Category Archives: Trachoma

Mali on Track to Eliminate Trachoma by 2015


By Wangechi Thuo and Andrew Carlson 

The Community Eye Health Journal announced in November that the National Blindness Prevention Programme (PNLC) in Mali, established in 1998, is on track to eliminate trachoma as a cause of blindness by 2015.

Trachoma is a bacterial disease that is transmitted through flies that come into contact with infected people or person to person contact. In areas where people live in close proximity, the disease spreads at an alarming rate, and can quickly infect entire communities. Repeated infection causes eyelids to turn inward and scratch the cornea, leaving an infected individual one unbelievably painful step closer to blindness with every blink they take, a process called trachomatous trichiasis. In 2011 the WHO estimated that 7,260,960 people around the world had this form of trichiasis.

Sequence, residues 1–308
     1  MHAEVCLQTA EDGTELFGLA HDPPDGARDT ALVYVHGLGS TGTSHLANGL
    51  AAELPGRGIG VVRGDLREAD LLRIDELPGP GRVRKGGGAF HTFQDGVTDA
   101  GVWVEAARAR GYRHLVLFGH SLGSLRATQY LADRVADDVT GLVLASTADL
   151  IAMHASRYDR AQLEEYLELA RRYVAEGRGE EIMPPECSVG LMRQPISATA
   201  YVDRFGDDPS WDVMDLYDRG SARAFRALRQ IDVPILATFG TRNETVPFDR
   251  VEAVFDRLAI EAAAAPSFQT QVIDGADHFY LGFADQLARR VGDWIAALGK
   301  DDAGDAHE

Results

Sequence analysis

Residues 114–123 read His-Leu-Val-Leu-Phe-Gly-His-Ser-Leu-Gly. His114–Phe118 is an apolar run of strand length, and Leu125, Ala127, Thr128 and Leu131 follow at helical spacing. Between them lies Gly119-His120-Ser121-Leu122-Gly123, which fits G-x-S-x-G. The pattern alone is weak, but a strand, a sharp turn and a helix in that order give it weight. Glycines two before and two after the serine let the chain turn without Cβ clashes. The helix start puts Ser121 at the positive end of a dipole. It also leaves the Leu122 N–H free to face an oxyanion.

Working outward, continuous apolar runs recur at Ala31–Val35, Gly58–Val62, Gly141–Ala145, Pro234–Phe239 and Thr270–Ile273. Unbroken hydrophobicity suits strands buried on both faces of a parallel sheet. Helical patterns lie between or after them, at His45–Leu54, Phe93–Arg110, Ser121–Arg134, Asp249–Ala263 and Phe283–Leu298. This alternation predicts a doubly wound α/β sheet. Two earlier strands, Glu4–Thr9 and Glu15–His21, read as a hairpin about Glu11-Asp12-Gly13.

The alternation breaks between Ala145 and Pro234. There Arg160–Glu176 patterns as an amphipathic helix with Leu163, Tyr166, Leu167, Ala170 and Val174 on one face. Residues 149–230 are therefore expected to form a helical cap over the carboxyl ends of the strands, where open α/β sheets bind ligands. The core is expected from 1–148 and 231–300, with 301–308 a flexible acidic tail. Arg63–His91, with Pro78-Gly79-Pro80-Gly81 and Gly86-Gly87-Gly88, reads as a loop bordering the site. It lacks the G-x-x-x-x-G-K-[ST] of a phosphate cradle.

Just before PNLC’s inception, Mali bore a generous portion of the global burden: during a national survey conducted in February 1996-May 1997, an estimated 85,700 people needed trichiasis surgery.

Since then, thanks to a strong commitment by the government of Mali, the PNLC has consolidated support from various partners, including The Carter Center, Helen Keller International (HKI), the United Stated Agency for International Development (USAID) managed by RTI international, The END Fund, and the International Trachoma Initiative (ITI). The PNLC has set a high standard in trachoma elimination that similar national initiatives throughout sub-Saharan Africa strive to emulate.

Three important benchmarks help explain how Mali has achieved this success:

  • Distribution of antibiotics: Through district-level mass drug administration, the PNLC has reduced active disease well below the recommended threshold in 84% of the districts in which the disease is present